And I could keep quoting, but I think by now you get the idea, and if you want to read more I’ll simply direct you to this page. And even more info can be found here.

So after all that, what is actually entering the Public Domain today? Well, here are just a few examples:

Films:

  • Buster Keaton’s Sherlock, Jr. and The Navigator
  • Harold Lloyd’s Girl Shy and Hot Water
  • The first film adaptation of Peter Pan
  • The Sea Hawk
  • Secrets
  • He Who Gets Slapped
  • Dante’s Inferno

Books:

  • Thomas Mann, The Magic Mountain
  • E.M. Forster, A Passage to India
  • Ford Madox Ford, Some Do Not… (the first volume of his “Parade’s End” tetralogy)
  • Eugene O’Neill, Desire Under the Elms
  • Edith Wharton, Old New York (four novellas)
  • Yevgeny Zamyatin, We (the English translation by Gregory Zilboorg)
  • A.A. Milne, When We Were Very Young
  • Hugh Lofting, Doctor Dolittle’s Circus
  • Edgar Rice Burroughs, Tarzan and the Ant Men
  • Agatha Christie, The Man in the Brown Suit
  • Lord Dunsany (Edward Plunkett), The King of Elfland’s Daughter

Music:

  • Rhapsody in Blue, George Gershwin
  • Fascinating Rhythm and Oh, Lady Be Good, music George Gershwin, lyrics Ira Gershwin
  • Lazy, Irving Berlin
  • Jealous Hearted Blues, Cora “Lovie” Austin (composer, pianist, bandleader) (recorded by Ma Rainey)
  • Santa Claus Blues, Charley Straight and Gus Kahn (recorded by Louis Armstrong)
  • Nobody’s Sweetheart, music Billy Meyers and Elmer Schoebel, lyrics Gus Kahn and Ernie Erdman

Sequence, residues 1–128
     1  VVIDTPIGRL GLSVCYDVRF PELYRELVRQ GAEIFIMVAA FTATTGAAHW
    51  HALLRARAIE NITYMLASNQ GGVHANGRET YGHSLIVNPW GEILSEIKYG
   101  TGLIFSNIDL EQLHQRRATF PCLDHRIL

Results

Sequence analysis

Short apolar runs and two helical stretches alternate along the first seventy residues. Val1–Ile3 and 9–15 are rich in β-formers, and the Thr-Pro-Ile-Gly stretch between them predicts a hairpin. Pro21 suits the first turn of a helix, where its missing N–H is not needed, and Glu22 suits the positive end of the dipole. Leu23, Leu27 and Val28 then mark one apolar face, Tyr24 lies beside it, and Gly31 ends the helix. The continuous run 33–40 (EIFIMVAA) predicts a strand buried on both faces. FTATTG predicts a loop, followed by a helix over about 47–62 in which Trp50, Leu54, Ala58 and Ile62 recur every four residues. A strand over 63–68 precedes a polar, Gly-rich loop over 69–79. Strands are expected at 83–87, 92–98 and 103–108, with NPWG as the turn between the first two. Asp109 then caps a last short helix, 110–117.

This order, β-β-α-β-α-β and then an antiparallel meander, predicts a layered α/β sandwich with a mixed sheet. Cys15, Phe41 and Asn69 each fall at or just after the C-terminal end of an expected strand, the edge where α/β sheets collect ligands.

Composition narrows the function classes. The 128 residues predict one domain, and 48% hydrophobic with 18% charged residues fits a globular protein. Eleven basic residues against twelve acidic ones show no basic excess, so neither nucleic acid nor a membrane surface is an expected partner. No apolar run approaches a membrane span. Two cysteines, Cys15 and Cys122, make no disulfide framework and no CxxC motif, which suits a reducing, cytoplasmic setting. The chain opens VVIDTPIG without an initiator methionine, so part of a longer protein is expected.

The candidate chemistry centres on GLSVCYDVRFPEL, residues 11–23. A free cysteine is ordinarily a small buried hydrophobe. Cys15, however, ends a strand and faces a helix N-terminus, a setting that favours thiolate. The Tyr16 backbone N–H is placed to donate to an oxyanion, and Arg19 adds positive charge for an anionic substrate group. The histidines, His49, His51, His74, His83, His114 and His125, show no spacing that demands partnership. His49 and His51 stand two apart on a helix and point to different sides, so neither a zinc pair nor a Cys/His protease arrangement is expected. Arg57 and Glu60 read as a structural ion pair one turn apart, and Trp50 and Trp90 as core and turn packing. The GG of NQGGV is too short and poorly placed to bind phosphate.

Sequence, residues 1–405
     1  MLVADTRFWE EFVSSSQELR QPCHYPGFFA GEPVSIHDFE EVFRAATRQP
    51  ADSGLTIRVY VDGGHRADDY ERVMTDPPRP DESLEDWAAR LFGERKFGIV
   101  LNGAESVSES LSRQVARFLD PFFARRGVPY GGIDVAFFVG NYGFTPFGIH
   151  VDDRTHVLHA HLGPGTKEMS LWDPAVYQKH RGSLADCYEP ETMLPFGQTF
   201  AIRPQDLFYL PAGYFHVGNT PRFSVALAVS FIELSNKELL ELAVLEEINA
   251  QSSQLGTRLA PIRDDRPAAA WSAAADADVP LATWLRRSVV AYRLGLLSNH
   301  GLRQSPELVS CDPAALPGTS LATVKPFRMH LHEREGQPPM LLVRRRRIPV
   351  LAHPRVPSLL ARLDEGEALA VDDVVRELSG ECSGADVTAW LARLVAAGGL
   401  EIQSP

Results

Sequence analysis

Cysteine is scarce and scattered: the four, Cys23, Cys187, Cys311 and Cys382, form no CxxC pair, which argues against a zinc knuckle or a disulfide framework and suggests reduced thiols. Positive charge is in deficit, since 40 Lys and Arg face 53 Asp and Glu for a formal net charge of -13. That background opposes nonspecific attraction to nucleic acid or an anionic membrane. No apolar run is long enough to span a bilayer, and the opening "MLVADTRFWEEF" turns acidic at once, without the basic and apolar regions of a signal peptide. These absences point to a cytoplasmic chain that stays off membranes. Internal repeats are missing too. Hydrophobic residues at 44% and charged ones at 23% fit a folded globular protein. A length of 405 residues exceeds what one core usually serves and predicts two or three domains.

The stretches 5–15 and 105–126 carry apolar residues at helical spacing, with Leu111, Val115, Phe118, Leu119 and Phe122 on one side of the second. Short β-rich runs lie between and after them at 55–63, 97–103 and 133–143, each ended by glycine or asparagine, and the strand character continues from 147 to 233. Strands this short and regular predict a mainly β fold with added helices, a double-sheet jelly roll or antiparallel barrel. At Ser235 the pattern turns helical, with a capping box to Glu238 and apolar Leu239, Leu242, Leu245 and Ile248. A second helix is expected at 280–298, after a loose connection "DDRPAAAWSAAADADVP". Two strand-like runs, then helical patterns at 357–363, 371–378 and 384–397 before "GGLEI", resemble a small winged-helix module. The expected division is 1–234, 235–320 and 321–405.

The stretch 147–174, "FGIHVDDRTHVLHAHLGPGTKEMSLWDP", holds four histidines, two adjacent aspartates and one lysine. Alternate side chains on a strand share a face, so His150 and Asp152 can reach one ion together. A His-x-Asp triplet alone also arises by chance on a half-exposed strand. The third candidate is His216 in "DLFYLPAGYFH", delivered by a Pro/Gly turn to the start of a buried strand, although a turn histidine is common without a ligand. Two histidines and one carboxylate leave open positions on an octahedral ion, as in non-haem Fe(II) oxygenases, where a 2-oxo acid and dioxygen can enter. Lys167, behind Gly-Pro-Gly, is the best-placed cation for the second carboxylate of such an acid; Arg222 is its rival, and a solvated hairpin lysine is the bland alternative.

And so, so, much more. All of which is great, and cause to celebrate. But when you look at what might have been before the changes in the law, well, I’ll quote one last time:

pdd5…under the laws that were in effect until 1978, thousands of works from 1963 would be entering the public domain this year. They range from the books The Fire Next Time and Where the Wild Things Are, to the film The Birds and the albums and The Freewheelin’ Bob Dylan, and much more. Have a look at some of the others. In fact, since copyright used to come in renewable terms of 28 years, and 85% of authors did not renew, 85% of the works from 1991 might be entering the public domain! Imagine what the great libraries of the world—or just internet hobbyists—could do: digitizing those holdings, making them available for education and research, for pleasure and for creative reuse.

Anyway, let’s be positive and grateful today that we’re finally getting something, and that congress didn’t change the laws again just to make sure that the giant corporations that either control so much of our media or make it nearly impossible to work with what we do have could maintain mastery over this, too.

And with that, I’ll wish you a Happy Public Domain Day, and also a very, very Happy New Year!

(Un)Happy Public Domain Day – 2017 Edition

puub17So what do the founder of the Surrealist movement, a star of the silent film era, the Japanese author behind the popularization of Buddhism in the West, two female writers at the heart of the Modernist scene, and one of the “fathers of science fiction” have in common this year?

If you guessed that they’re among the creators whose works will be entering the Public Domain this year in other countries but not in the U.S., then you’re right.

Sigh…

Yep, once again, in what has become an annual tradition, it’s time to not celebrate Public Domain Day.